Besides vilifying Washington as the bogeyman, Moscow is understandably hard at work mobilizing any and all European governments and groups that can be used to undermine sanctions. Putin has found a worthy acolyte in Hungary’s Viktor Orbán, the man who would be Magyarbashi, and can count on a degree of sympathy from a variety of European leaders ranging from Slovakia’s Robert Fico to the new Syriza government in Greece. However, Putin has struck out completely with the individual who matters more than any other: Angela Merkel. If there were any question about the impact of individuals on the course of history, one need only ponder how different the European reaction to Russia’s invasion of Ukraine would be if Gerhard Schröder were sitting in the German chancellor’s office rather than on the board of Gazprom.
Besides working sympathetic European leaders, Moscow has also cultivated a motley array of right- and left-wing extremists, people often of diametrically opposed political orientations united only by their hatred of Washington and Brussels. However, even where such groups attract a stable portion of their national electorates and can reasonably aspire to enter governing coalitions, they tend to have only a marginal influence on policy, particularly foreign policy. Electoral surprises can happen, of course, but Moscow is unlikely to see much return on its investment in these European groups.
Moscow’s other weapon in testing Western resolve has been intimidation—large military exercises, provocative flights, bellicose statements about defending Crimea, and perhaps even the odd submarine foray into neighboring waters. The “don’t mess with Russia” messaging has apparently included hints of willingness to use any means, up to and including nuclear ones, to assert Russia’s interests in Ukraine, leading more timorous Western observers to fret that any military assistance to Kyiv could lead to Armageddon. However, there is no evidence to indicate that the Kremlin has been seized by suicidal irrationality, and suggestions to the contrary are simply fear-mongering. Yes, the Kremlin is prepared to go to great lengths (and already has) in order to achieve its ends in Ukraine, but it understands quite clearly that mutually assured destruction would not be a winning strategy.
Far from preparing for bold but potentially catastrophic strokes like nuclear war, the Kremlin appears to be hunkering down for a long-term test of wills. Surely, given enough time, hydrocarbon markets will rebound, the West will tire of sanctions and east-west tensions, Western solidarity and resolve will crumble, and the Ukrainians will resume their classic historical role as their own worst enemy. Russia could then push deeper into Ukraine under more favorable conditions.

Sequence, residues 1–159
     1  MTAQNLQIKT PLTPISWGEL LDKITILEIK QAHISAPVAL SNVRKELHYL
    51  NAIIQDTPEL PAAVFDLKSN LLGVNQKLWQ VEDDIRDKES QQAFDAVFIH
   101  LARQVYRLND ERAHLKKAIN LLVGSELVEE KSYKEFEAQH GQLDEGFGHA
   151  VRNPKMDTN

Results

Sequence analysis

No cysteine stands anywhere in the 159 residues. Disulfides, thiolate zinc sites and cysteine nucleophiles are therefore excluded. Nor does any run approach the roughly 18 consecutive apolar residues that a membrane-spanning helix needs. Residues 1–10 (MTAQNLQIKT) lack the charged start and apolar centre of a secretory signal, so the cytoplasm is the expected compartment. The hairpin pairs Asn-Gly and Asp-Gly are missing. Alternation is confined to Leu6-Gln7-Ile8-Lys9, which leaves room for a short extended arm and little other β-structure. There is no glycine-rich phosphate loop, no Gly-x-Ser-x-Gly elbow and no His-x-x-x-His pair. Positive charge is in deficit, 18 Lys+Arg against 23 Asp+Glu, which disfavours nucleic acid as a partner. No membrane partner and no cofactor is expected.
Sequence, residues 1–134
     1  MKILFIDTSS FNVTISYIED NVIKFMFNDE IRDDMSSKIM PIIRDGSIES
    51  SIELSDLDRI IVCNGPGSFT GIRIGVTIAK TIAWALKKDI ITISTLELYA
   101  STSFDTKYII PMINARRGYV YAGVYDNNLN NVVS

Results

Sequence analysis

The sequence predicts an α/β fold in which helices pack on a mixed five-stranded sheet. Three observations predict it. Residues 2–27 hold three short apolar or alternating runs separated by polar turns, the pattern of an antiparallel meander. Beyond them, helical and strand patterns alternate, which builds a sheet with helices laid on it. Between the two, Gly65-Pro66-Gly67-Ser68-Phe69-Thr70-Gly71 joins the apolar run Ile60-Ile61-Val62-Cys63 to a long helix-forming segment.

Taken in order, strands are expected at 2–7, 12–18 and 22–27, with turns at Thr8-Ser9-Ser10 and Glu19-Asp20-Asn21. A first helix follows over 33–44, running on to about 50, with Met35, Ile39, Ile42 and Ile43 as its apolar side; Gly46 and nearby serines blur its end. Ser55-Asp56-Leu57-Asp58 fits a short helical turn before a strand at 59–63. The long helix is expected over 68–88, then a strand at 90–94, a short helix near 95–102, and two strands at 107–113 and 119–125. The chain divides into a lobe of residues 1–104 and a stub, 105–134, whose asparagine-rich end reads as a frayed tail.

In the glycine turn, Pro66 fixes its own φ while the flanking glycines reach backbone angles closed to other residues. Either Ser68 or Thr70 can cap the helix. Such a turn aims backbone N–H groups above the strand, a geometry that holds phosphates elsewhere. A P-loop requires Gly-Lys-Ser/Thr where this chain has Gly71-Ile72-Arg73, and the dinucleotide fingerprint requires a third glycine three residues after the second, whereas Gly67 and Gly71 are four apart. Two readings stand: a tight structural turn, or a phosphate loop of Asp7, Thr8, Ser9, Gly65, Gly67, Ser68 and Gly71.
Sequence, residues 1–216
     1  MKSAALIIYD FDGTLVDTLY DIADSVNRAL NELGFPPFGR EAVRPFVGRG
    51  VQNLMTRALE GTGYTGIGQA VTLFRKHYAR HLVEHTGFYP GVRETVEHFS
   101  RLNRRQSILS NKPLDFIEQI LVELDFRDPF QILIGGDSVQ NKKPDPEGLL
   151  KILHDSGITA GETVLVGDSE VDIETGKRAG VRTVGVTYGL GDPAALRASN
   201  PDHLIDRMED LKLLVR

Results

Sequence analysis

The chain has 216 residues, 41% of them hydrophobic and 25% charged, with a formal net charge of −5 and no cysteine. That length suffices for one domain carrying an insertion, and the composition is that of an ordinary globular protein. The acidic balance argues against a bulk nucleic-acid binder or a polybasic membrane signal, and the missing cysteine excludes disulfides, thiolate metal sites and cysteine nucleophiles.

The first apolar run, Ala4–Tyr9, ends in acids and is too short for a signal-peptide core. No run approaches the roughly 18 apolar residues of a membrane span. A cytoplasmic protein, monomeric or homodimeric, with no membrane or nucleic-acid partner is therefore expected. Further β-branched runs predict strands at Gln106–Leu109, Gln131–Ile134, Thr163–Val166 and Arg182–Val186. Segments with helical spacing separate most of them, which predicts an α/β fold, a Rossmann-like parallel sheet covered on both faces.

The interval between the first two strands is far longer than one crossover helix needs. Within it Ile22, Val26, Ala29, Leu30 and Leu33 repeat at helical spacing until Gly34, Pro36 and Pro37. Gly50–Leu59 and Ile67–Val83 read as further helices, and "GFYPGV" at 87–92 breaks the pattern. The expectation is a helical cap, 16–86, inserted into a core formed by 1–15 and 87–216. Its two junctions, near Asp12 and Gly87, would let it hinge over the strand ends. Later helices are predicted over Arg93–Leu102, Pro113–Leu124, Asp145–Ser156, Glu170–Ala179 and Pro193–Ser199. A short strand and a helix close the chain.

However, it is anyone’s guess whether time will actually work in Russia’s favor. Moscow is essentially powerless to affect Saudi energy policy, so the Kremlin simply has to tough it out until such time as market conditions produce another hydrocarbon price boom. A return to $100/barrel oil seems unlikely over the next several years, and is not guaranteed even in the medium term. Former finance minister Aleksey Kudrin recently warned that Russia is facing five years of stagnation—meaning that Russia isn’t exactly entering this phase of the conflict in a position of economic strength.
Securing relief from Western sanctions depends, at a minimum, on some semblance of a ceasefire in the Donbass. Ironically, however, the cessation of hostilities prevents Moscow from pressing its overwhelming military advantage, giving Ukrainians breathing space to consolidate their national identity and statehood, enact far-reaching reforms, and embark on a course toward association with, or even eventual membership in, the European Union. The recent dismissal of Ihor Kolomoiskiy as governor of Dnipropetrovsk was astonishing as a manifestation of Kyiv’s willingness and ability to curb the power of Ukraine’s oligarchs. It is even more astonishing insofar as Kolomoiskiy (if not necessarily other oligarchs) has apparently accepted limits on his power as a necessary part of the “new normal” in post-Yanukovych Ukraine. If that is in fact the case, and Kyiv manages to bring the oligarchs more broadly to heel, then Russia’s medium-term prospect of turning Ukraine into a failed state will suffer a major setback. Ukraine’s economy is not out of the woods and will still present opportunities to exploit. However, in the battle to retain the loyalty of its citizens, Ukraine’s economy doesn’t need to outpace Russia’s, it merely needs to offer better prospects and living conditions than Crimea and the Donbass—a much lower bar.
A resumption of large-scale Russian military activity, on the other hand, not only ensures the continuance of the current sanctions but bodes the introduction of new ones. Moreover, survivors emerging from the rubble of Mariupol or Kharkiv are unlikely to greet Russian forces as liberators. Recent reports that pensions in the Donbass are now being paid in rubles underscore the financial burden that Russia is assuming in the parts of Ukraine it controls. The extension of Russian occupation to further devastated regions of Ukraine would only increase that burden.
Russia thus finds itself in something of a Catch-22 situation. The fragile Minsk II ceasefire has eased pressures on the Russian economy – but it has done the same for Kyiv. It will be hard for Moscow to destabilize Ukraine further without renewing its military assault, yet the resumption of fighting would reverse any progress in undermining Western sanctions. With no more quick and easy Crimea-style operations on the horizon, the Kremlin finds itself stuck in a psychologically unsatisfactory holding pattern—waiting for oil and gas prices to recover, for the West to fragment, and for Ukraine to implode. Without a serious stroke of good fortune on at least two of those fronts, Moscow faces the prospect of endless subsidization of an isolated Crimea and a shattered Donbass under conditions of Russian economic stagnation, while the rest of Ukraine, even if economically hobbled, slips ineluctably away from Moscow’s gravitational pull. The realization might gradually take hold that Russia’s strategy in Ukraine, notwithstanding some moments of tactical brilliance, has ultimately failed.
Then it will be time for serious negotiations – not east-west talks about spheres of influence, conducted over the heads of the affected nations, but negotiations between Moscow and Kyiv. And the principal element of those talks will be the terms of Russia’s withdrawal.